Feeds

Microsoft SA - reasons to comply

Lower fees, mostly

  • alert
  • submit to reddit

The Power of One eBook: Top reasons to choose HP BladeSystem

Just over half of businesses renewing Microsoft Software Assurance say the primary reason for doing so is to reduce licensing fees and maintenance costs. The highest priority for 52 per cent of those surveyed was to lower license and maintenance charges. 43 per cent said the primary reason was to ensure licensing compliance. Four per cent said they were concerned with implementing software standards across the organisation.

Despite professing a desire to cut costs many companies still carry out software audits manually.

John Mahon, vice president of sales and marketing for Tally Systems EMEA, said: "Hundreds of man hours are wasted through manual inventory. It requires a high level of licensing expertise and depends on the accuracy of the information available that rarely exists in a raw 'exe' file collection or the Add/Remove Program data." Tally sells software which checks not just license compliance but also checks how regularly it is being used - more useful information when deciding on licenses.

Mahon added: "When Microsoft SA costs approximately 25-29 per cent of the license purchase price, it is a sizeable expense for any business and miscalculations may result in overpaying. SA does have many benefits, however it is not compulsory and only an accurate inventory that reflects true usage of installed licenses reconciled with purchase records will enable the decision whether to renew or not to renew possible."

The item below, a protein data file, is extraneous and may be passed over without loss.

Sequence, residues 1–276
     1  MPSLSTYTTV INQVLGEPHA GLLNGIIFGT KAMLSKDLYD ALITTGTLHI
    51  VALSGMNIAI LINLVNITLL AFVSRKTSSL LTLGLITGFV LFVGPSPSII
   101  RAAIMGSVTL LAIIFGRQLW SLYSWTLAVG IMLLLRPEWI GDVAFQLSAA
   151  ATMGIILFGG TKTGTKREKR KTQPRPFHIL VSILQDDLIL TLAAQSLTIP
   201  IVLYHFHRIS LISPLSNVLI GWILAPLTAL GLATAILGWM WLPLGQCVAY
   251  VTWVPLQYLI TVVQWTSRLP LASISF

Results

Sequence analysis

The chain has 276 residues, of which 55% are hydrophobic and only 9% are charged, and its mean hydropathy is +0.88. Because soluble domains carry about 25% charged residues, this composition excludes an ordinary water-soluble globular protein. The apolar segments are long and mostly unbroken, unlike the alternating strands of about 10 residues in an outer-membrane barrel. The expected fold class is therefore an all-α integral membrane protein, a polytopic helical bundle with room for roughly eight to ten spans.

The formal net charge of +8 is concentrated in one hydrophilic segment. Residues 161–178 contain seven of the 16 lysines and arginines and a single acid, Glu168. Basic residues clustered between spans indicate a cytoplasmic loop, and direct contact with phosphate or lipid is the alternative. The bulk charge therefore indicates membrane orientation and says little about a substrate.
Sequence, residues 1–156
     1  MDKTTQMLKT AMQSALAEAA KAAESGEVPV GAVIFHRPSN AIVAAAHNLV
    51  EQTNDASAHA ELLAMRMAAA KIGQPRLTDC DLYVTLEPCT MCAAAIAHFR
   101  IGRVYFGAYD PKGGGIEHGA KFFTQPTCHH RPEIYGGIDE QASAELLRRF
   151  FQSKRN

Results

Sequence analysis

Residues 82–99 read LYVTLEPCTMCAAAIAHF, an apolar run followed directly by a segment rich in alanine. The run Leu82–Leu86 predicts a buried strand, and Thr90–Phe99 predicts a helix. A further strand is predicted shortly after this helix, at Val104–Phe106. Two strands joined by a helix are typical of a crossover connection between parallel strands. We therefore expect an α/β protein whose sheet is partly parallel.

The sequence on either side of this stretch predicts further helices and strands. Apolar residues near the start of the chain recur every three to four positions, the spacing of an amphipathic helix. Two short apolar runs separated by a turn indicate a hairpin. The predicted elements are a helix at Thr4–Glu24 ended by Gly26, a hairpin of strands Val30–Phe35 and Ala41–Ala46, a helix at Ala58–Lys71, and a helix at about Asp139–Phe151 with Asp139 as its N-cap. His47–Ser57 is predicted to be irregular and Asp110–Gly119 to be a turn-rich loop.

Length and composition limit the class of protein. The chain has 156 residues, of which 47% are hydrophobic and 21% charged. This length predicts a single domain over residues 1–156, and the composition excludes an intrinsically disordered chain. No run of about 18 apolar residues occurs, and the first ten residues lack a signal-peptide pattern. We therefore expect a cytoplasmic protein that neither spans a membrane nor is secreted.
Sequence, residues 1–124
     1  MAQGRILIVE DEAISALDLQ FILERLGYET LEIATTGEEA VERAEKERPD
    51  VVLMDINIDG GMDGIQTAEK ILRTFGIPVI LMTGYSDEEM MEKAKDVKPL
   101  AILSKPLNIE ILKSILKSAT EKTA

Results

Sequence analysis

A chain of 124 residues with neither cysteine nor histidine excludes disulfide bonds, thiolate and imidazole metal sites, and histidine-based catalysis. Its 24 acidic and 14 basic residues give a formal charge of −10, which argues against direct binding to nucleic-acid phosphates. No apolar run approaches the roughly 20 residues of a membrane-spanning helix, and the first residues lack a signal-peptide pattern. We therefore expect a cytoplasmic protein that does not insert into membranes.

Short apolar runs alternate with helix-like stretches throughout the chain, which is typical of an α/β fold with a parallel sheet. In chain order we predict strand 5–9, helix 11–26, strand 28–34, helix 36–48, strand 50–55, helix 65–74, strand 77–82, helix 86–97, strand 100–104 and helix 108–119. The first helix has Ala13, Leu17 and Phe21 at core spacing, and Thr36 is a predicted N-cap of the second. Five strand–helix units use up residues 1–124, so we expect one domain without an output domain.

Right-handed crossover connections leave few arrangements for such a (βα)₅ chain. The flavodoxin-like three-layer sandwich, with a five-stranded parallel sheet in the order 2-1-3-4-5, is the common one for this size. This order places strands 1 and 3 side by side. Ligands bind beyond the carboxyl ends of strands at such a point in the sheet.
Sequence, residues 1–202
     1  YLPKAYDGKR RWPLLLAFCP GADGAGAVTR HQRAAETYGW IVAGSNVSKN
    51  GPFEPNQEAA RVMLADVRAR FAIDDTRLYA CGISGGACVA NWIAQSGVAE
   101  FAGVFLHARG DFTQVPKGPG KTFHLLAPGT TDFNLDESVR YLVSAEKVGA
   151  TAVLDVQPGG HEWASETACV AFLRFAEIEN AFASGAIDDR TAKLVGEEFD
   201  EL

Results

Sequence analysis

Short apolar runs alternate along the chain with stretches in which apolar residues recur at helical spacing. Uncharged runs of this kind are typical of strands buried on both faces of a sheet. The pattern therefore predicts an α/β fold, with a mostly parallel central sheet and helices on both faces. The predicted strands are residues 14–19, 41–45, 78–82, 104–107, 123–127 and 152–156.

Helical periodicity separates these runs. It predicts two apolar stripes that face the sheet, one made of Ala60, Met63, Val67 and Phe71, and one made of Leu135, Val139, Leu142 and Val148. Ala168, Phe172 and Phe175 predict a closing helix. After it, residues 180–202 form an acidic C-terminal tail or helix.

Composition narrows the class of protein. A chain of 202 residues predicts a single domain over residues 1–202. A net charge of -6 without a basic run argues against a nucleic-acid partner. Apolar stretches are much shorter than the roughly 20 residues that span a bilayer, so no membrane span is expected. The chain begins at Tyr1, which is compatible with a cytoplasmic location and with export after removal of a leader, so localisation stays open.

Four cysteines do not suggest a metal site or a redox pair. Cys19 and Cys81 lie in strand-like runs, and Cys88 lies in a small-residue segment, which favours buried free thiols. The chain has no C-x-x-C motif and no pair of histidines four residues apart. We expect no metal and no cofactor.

Researchers talked to 190 people representing 175 companies. The survey was carried out for Tally Systems. ®

Related stories

C2000 gears up for Microsoft sales binge
Customer rebellion spikes Microsoft quarterly results
Today's MS Licensing 6.0 deadline to loom again tomorrow

Reducing security risks from open source software

More from The Register

next story
NO MORE ALL CAPS and other pleasures of Visual Studio 14
Unpicking a packed preview that breaks down ASP.NET
Captain Kirk sets phaser to SLAUGHTER after trying new Facebook app
William Shatner less-than-impressed by Zuck's celebrity-only app
Apple fanbois SCREAM as update BRICKS their Macbook Airs
Ragegasm spills over as firmware upgrade kills machines
Cheer up, Nokia fans. It can start making mobes again in 18 months
The real winner of the Nokia sale is *drumroll* ... Nokia
Mozilla fixes CRITICAL security holes in Firefox, urges v31 upgrade
Misc memory hazards 'could be exploited' - and guess what, one's a Javascript vuln
Put down that Oracle database patch: It could cost $23,000 per CPU
On-by-default INMEMORY tech a boon for developers ... as long as they can afford it
Google shows off new Chrome OS look
Athena springs full-grown from Chromium project's head
prev story

Whitepapers

Top three mobile application threats
Prevent sensitive data leakage over insecure channels or stolen mobile devices.
Implementing global e-invoicing with guaranteed legal certainty
Explaining the role local tax compliance plays in successful supply chain management and e-business and how leading global brands are addressing this.
Boost IT visibility and business value
How building a great service catalog relieves pressure points and demonstrates the value of IT service management.
Designing a Defense for Mobile Applications
Learn about the various considerations for defending mobile applications - from the application architecture itself to the myriad testing technologies.
Build a business case: developing custom apps
Learn how to maximize the value of custom applications by accelerating and simplifying their development.